Platform: PlayStation 4
Review Date: 11/30/19
From the same team that brought you "Slain: Reborn From Hell" (2016), "Valfaris" feels like it slithered off the pages of "Heavy Metal" magazine. Therion is a proud, arrogant, and bad-ass warrior who returns to the former paradise world of Valfaris to slay his evil and corrupt father. He must traverse ten different areas of the decaying eco-system, fighting all sorts of nasty beasts and boss monsters. It's a 2D side-scrolling game in the vein of "Turrican," and the gameplay is very reminiscent of those early 90's run-and-gun action games. Unfortunately, it's also relentlessly difficult, which sucks all the fun out of it fairly quickly.
Similar to "Slain," the 2D pixel art is gorgeous, the art direction is superb, and the heavy metal soundtrack by Celtic Frost bassist Curt Victory Bryant sets an appropriate tone for the aggressively gruesome combat. It's also unapologetically hard, which is very disappointing. After playing for a couple of hours and achieving a trophy for dying fifty times, I gave up and gave my blistered thumbs a rest. It's unfortunate because I won't be able to experience all of the great scenery that the game has to offer. And for being such a supposedly tough guy, Therion dies really easily, which doesn't give you much feeling of empowerment and accomplishment.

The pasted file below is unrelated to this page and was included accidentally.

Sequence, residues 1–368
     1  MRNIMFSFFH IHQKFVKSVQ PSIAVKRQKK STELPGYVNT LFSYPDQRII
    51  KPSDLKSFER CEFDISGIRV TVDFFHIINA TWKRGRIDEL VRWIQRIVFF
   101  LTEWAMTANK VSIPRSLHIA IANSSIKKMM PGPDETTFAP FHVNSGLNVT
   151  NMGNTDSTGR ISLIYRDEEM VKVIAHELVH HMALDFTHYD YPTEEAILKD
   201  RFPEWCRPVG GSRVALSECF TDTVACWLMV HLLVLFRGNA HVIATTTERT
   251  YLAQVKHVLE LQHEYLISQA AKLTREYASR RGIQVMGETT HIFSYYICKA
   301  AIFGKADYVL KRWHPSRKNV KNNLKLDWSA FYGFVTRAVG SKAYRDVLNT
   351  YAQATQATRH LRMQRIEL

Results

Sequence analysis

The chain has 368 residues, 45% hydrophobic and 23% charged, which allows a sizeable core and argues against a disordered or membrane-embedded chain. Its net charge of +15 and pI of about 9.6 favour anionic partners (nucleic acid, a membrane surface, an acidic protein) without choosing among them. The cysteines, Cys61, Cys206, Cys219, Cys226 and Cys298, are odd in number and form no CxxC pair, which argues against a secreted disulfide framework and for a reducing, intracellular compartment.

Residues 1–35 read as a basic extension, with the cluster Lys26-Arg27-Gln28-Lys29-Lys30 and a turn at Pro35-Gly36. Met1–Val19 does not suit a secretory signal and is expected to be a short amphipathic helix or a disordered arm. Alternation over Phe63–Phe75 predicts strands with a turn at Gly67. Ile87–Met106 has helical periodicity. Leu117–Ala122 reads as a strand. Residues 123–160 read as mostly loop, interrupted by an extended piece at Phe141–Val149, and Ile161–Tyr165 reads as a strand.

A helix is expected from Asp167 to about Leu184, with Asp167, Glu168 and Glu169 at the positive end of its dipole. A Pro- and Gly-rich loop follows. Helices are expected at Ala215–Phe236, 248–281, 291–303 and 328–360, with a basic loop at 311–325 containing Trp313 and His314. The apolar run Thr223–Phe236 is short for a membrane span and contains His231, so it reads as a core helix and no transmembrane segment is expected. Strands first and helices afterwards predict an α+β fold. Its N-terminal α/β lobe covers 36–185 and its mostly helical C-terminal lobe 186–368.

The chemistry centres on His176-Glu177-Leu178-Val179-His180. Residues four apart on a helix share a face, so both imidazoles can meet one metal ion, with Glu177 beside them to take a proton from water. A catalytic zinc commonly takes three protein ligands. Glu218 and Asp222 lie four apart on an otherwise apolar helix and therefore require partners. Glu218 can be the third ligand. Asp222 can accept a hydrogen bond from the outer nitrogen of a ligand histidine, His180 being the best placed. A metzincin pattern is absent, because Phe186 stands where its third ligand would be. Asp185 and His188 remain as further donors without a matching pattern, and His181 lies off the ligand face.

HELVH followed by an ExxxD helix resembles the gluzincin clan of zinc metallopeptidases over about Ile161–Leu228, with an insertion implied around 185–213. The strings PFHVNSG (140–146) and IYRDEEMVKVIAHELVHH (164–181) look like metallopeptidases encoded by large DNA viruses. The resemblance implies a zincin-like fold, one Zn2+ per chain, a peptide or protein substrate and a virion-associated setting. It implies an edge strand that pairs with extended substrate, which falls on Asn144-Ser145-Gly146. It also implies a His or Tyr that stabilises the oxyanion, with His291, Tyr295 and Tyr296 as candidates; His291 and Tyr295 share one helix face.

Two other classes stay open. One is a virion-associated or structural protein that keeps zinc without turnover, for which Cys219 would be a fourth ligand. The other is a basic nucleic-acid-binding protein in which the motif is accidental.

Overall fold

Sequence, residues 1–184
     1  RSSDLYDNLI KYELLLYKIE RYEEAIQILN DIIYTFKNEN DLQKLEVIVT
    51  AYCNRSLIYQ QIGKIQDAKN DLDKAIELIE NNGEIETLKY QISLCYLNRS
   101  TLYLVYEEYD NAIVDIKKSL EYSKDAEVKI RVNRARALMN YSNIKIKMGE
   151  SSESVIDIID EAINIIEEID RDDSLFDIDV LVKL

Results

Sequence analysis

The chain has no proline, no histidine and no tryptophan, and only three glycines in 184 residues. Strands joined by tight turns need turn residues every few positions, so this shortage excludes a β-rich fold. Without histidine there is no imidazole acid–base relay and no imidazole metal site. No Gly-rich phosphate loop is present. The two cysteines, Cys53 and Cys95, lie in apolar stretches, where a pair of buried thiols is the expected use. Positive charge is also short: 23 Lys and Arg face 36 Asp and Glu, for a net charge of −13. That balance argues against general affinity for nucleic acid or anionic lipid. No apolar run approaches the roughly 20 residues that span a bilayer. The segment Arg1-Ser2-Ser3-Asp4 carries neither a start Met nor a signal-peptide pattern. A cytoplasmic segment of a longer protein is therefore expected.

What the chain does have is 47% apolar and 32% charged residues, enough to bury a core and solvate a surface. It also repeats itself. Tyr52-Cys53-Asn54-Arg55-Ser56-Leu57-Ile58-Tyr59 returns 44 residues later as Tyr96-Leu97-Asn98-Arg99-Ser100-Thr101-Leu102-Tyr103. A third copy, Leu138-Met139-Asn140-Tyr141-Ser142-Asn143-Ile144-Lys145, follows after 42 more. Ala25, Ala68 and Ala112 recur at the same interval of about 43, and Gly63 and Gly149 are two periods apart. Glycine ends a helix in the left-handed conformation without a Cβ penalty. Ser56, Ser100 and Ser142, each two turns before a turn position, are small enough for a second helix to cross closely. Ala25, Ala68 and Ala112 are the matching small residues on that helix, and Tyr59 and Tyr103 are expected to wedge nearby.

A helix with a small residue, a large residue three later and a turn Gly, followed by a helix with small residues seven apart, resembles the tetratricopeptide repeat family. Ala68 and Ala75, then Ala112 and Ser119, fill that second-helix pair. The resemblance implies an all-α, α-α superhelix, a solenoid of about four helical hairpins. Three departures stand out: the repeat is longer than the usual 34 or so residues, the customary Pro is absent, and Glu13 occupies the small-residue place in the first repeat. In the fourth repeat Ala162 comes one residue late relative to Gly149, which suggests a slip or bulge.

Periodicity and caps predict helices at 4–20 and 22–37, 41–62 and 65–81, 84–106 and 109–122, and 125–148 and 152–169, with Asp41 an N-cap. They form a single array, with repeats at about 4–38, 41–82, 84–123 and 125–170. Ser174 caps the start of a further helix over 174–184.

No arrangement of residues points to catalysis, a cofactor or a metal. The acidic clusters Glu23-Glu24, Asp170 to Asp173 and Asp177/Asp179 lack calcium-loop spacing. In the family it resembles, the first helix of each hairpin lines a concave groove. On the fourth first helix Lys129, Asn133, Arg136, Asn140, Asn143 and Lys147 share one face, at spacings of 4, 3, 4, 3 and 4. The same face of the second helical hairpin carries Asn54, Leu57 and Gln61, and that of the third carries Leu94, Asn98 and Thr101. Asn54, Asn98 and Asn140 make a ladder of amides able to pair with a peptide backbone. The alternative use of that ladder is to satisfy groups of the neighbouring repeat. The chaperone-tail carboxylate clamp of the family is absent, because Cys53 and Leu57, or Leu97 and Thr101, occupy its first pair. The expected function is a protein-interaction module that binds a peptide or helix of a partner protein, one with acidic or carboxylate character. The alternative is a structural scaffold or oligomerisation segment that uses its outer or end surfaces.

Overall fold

The controls are pretty tight for the most part, but crouching is finicky, which leads to lots of instant death scenarios when you're trying to dodge enemy fire. Checkpoints are appropriately spaced out, but require an idol token to activate. An unfortunate feature is that the game punishes you for using checkpoints, which diminishes the thrill of victory when you defeat a really tough enemy. Also, there's no checkpoint after the first boss, so it's really easy to get picked off by a low-ranking grunt while you're running for the exit with a sliver of health left. That alone made me rage-quit the game. The game certainly has the potential to fill a "Turrican" sized hole in my life, but the unforgiving difficulty brings me no joy.